Re: The necessity of mental memes

Date: Mon Jan 21 2002 - 22:58:18 GMT

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    Subject: Re: The necessity of mental memes
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    In a message dated 1/21/2002 2:53:54 AM Central Standard Time, Keith Henson
    <> writes:

    > snip (excellent historical stuff and thanks for putting up the Cloak
    > paper. Some of my out of print very early meme articles are being put on
    > line as part of a project to put the L5 News through the early 80s on
    > I am working mostly from memory, but there were several other terms being
    > used in the late 70s and early 80s before "meme" more or less became the
    > catch word. I remember a whole list of them in an early section of a book
    > by (I think) Luigi Luca Cavalli-Sforza, possibly Cultural Transmission and
    > Evolution: A Quantitative Approach (1981), though it might have been an
    > earlier book. More about him
    > here: If
    > anyone has this book, please take a look.

    Thanks, Keith.

    Yes, Cavali-Sforza and Feldman's 1981 book does indeed contain a discussion
    of various terms used in cultural evolution. This material is one of a
    variety of early works I would like to eventually discuss in a lengthier
    technical paper -- which would probably turn into a lenthy tecnical book. I
    look forward to seeing your earliest papers on the web, too.

    > I think "a unit of culture" is essentially identical to meme.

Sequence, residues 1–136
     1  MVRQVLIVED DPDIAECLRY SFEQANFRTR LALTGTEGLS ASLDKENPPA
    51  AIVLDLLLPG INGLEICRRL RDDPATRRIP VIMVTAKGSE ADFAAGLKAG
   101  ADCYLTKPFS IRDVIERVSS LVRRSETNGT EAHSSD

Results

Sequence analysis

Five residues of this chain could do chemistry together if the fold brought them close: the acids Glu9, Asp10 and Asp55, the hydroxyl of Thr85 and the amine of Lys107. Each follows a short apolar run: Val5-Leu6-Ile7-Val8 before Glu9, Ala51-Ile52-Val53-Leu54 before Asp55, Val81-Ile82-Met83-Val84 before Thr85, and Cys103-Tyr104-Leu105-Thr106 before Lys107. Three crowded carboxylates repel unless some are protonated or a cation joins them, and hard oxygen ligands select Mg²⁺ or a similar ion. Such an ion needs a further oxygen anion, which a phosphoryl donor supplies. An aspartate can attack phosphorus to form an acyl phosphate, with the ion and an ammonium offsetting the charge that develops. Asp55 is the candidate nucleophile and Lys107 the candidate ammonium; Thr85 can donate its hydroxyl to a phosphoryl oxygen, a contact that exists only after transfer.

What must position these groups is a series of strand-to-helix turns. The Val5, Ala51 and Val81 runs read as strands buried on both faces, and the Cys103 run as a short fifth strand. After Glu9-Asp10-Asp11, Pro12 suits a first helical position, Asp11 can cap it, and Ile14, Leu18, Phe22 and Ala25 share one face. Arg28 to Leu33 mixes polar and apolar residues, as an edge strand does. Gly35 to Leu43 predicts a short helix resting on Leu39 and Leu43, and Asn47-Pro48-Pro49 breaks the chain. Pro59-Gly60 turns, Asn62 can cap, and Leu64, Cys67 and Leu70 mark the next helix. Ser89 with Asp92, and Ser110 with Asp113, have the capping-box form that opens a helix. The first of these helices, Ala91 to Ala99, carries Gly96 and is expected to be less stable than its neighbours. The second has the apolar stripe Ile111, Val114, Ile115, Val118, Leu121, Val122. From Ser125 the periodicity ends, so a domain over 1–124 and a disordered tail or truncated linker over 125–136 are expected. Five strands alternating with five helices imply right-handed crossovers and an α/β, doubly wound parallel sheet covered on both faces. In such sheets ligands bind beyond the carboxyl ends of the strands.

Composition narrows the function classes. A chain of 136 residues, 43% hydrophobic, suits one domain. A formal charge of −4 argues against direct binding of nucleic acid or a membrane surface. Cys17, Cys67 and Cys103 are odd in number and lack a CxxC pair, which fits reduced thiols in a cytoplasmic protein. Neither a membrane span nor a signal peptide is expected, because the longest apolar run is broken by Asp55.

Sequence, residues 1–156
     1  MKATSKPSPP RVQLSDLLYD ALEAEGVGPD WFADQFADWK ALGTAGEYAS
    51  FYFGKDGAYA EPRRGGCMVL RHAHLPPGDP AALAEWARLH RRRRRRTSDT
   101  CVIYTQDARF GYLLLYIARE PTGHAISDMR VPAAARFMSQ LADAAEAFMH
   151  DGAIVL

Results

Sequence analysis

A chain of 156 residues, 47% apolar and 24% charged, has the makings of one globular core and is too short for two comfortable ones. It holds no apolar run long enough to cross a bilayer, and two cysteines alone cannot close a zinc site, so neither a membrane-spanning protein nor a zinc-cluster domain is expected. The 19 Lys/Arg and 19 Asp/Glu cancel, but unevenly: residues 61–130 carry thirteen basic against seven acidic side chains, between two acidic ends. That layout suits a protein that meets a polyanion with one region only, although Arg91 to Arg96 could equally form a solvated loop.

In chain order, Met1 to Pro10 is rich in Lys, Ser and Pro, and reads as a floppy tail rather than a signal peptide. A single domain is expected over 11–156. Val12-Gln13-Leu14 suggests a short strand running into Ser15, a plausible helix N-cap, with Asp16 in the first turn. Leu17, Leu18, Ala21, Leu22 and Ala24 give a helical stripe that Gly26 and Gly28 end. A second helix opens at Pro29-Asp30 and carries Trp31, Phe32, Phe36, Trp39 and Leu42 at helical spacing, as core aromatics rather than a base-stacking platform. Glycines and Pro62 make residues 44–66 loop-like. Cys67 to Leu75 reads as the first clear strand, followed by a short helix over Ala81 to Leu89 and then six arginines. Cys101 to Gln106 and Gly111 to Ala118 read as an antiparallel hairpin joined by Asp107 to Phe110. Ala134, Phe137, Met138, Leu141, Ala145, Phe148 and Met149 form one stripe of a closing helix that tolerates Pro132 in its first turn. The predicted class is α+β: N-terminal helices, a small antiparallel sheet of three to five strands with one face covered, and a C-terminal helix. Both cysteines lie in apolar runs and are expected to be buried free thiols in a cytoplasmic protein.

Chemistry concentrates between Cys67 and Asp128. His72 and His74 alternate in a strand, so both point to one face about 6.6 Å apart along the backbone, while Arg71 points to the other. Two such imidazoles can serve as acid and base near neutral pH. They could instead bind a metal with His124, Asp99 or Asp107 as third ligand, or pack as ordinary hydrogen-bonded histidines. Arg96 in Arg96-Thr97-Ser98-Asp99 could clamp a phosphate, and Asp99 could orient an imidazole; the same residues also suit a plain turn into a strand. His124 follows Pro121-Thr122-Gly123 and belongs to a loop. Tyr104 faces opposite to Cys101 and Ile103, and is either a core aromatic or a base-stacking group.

> I met F.T. Cloak in 1987, same time I first met Richard Dawkins at the
    > First Artificial Life Conference, coincidentally hosted by friend of mine
    > from Tucson, Chris Langton. (Chris was an L5 Society volunteer. About
    > percent of the people at the first A Life conf had been L5 members.)

    I have heard of that meeting from Cloak. Regrettably, I could not attend.
    Interesting about all that connection to L5. It will be interesting to see
    what happens in the coming few decades of computer and cultural evolution,
    and whether the nastier possibilities out-pace the nicer ones.

    --Aaron Lynch

    > While digging for details, (I was off a year) I found this gem:
    > Hans Moravec, CMU, "Human Culture - A Genetic Takeover Underway" (44 min)
    > After a distinctly nervous, but quite humorous (though the audience
    > failed to appreciate such gems as symbiotic flint arrowheads and an
    > allusion to Oolon Caluphad's Some More of God's Greatest Mistakes)
    > beginning discussion of cultural evolution and some robotic experiments
    > at CMU, he moves into a very intriguing analysis of when human level
    > intelligence may be expected to emerge in computers. Bottom line is
    > 20 to 50 years depending on whether you want to do it in a supercomputer
    > or a Mac VII+e/*.
    > and for some heavy future memes, try here

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